City Councilors Back Plan to Ban Non-Competes
They say the contracts stifle innovation and limit the potential to build on talent and ideas.
Boston officials unanimously backed a proposal to send a resolution to Beacon Hill legislators, calling for a ban on all non-competes.
— Michelle Wu 吳弭 (@wutrain) June 4, 2014
Just one day after House Speaker Robert DeLeo announced he was filing an economic development bill that did not include provisions to eliminate non-compete clauses in Massachusetts, City Councilors Michelle Wu and Tito Jackson announced their plan to introduce a resolution in support of doing away with the contractual obligations that many employees are forced to sign when they start new jobs.
In a statement sent out minutes before a scheduled City Council hearing Wednesday, Wu and Jackson said they are calling on state elected officials to take action and put an end to the enforcement of non-compete agreements at companies—particularly in the technology and life sciences industries—because they restrict employers from branching out to other jobs or starting their own businesses, squandering the potential to bring new and innovative opportunities to the state.
“The enforcement of non-compete clauses in Massachusetts is a barrier to realizing our full potential for innovation in Boston because employees are prohibited from leaving their jobs to develop startup companies within the same field, thus limiting our potential to build on talent and ideas” said Wu. “We can protect intellectual property and success of all companies while supporting full-scale development of the innovation economy.”
Wu, chairwoman of the Committee on Small Business, Entrepreneurship and Innovation, as well as the Committee on Arts and Culture, said non-competes can stifle new ideas, and in doing so can often drive people to seek employment in other states. She said Massachusetts should follow in the footsteps of places like California, where large companies do not enforce non-competes clauses.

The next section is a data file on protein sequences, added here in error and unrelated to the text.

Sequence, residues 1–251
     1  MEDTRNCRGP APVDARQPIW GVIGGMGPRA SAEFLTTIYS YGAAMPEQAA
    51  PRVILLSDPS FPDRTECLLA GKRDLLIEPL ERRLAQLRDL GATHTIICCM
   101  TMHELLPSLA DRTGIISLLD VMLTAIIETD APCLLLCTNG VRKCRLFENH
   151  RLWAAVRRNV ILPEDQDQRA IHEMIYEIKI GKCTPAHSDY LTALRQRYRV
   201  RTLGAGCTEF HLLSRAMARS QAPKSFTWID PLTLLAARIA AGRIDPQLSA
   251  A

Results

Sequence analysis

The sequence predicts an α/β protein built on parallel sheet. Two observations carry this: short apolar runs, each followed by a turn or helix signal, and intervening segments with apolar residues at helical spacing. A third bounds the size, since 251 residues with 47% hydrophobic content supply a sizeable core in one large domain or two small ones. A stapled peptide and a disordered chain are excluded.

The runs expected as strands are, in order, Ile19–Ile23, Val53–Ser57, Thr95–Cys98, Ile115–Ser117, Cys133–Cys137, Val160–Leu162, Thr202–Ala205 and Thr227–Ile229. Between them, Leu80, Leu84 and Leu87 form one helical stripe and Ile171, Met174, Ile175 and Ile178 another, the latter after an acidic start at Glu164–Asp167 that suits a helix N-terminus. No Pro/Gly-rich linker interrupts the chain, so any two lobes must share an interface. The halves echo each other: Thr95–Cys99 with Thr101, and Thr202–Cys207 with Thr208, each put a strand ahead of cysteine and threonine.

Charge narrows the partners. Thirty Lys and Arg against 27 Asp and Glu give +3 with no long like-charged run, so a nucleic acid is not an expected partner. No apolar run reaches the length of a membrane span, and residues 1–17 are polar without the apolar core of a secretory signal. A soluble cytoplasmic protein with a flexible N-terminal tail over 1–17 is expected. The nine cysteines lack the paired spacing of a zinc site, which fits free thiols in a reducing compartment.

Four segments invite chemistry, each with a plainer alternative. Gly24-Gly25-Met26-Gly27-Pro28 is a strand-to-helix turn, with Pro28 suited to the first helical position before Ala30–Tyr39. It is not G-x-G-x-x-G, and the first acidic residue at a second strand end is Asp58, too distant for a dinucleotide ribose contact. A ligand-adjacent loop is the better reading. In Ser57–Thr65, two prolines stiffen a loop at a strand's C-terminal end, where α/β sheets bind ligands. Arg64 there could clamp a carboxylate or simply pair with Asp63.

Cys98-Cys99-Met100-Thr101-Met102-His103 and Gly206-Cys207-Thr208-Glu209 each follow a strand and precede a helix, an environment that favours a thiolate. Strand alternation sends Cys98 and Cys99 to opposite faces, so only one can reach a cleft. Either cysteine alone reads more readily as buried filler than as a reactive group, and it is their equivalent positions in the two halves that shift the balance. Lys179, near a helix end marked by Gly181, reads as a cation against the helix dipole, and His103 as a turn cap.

In their call for the state legislature to act swiftly on the matter, Wu added that alternatives like the continued enforcement on non-disclosure agreements, non-solicitation agreements, and confidentiality agreements would protect employers without hindering employees’ opportunities to seek new jobs.
Wu’s proposal, which is being filed jointly with Jackson, comes at a time when Governor Deval Patrick has called for similar actions. In April, Patrick unveiled an economic development plan called “An Act to Promote Growth and Opportunity.” As part of that proposal, Patrick included an amendment that would dissolve non-competes statewide.
On Tuesday, DeLeo filed his own economic development bill, which, unlike Patrick’s, did not include provisions that would bar employers from forcing their new hires to sign these types of agreements.
State Representative Joseph Wagner, chairman of the Joint Committee on Economic Development and Emerging Technologies, who helped DeLeo craft his legislation, said that while there are many similarities between Patrick’s and DeLeo’s plans to help bolster the state’s technology and innovation sectors, doing away with non-competes was not one of them because there were more pressing matters to address before the legislative session ends in July. “If we look at this issue going forward, it’s not going to be we have noncompetes as they exist, or we ban noncompetes. There is clearly some other place, potentially, but we are not even close to that. But I think that’s a dialogue for another day, and to try and have it in the context of this bill with the time remaining would set us back on a number of fronts,” Wagner said.
Wu’s proposal pushes back against DeLeo’s legislation.